In other words, the good effect must be produced directly by the action, not by the bad effect. Otherwise the agent would be using a bad means to a good end, which is never allowed. (4) The good effect must be sufficiently desirable to compensate for the allowing of the bad effect. In forming this decision many factors must be weighed and compared, with care and prudence proportionate to the importance of the case. Thus, an effect that benefits or harms society generally has more … DOUBLE EFFECT, PRINCIPLE OF The Principle of Double Effect is a rule of conduct frequently used in moral theology to determine when a person may lawfully perform an action from which two effects will follow, one bad and the other good.
In the book “Moral Matters,” Chapter One, Jan Narveson writes about the two theories in morality: moral relativism and subjectivism. These theories work together to define the concept of Morality, by helping to solve our moral dilemmas, such as to explain the reasoning behind our ability to choose between right and wrong, in establishing how and why we make this choice. Thus, through these theories, we further explore morality between the connection to society and the individual, as well as determining what they have in common. Moral relativism represents the view that there are no objective ethical truths, that moral facts only hold relative to a given individual or society. According to this theory, what is morally good for one person or culture might be morally bad for another, and vice versa: there are no moral absolutes.
Does play matter for social development? If so, why? Play is a means by which children acquire the social skills and social knowledge needed to develop into fully functional, social beings (Feng, 1987). Therefore, it can be argued that play is critical for becoming socially adept, and matters greatly for social development. Whilst this may appear to be a broad statement, the work of psychiatrist Stuart Brown (1969) supports such a claim.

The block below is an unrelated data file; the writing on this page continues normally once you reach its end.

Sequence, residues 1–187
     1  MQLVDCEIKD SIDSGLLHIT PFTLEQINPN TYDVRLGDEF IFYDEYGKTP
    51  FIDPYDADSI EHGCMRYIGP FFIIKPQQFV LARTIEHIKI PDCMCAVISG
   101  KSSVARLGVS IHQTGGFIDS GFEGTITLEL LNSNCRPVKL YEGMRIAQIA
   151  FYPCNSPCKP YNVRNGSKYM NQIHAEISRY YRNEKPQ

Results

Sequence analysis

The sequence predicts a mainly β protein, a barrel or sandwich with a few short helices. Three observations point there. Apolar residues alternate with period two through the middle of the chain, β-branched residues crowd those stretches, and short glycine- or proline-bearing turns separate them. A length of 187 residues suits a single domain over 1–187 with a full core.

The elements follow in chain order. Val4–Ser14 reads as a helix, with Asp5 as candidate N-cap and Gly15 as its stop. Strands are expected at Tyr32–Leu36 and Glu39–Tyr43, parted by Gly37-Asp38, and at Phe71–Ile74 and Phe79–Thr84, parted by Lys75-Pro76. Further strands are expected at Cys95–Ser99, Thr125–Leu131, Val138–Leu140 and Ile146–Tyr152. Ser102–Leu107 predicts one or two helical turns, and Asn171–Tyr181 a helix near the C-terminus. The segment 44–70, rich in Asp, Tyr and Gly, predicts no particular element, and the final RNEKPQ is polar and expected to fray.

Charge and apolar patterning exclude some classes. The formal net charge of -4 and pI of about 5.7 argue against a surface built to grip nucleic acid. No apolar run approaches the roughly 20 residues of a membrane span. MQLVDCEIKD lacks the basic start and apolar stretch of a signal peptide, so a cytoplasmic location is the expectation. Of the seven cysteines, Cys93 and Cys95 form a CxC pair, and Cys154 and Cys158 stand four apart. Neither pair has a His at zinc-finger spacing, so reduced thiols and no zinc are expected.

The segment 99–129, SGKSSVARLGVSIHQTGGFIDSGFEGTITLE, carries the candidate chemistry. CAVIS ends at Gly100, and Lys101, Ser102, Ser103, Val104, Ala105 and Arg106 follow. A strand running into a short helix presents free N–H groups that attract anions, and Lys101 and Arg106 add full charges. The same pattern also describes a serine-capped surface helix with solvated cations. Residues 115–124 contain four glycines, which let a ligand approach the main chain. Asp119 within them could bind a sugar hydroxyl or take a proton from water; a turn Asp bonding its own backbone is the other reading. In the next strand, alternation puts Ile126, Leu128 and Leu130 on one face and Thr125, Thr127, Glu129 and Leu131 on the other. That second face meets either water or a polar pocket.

Lev Vygotsky’s theory was based on social/emotional development needs to show demonstration/imagination to allow a child to progress. His belief was based on the kinaesthetic technique as he believed that when children observe someone that is more advanced than them they learn from them and imitate their actions. Lev Vygotsky“...suggested that this silent inner speech and spoken social speech are connected...” (Meggitt et al, 2012. P.80). It is critical to link his theory to practice as it encourages/allows children to communicate with other children using their social skills which they have developed and allows children to build self-confidence.
This is also true of rewards. They are more concerned with the external justifications of their behavior as it relates to a consequence, not an internal justification for change. When we justify behavior by intrinsic motivation there is a lasting effect. While we want children to follow rules, we really want to teach them how to respond appropriately to different situations in life. What happens when the motivations of punishment and/or reward are removed?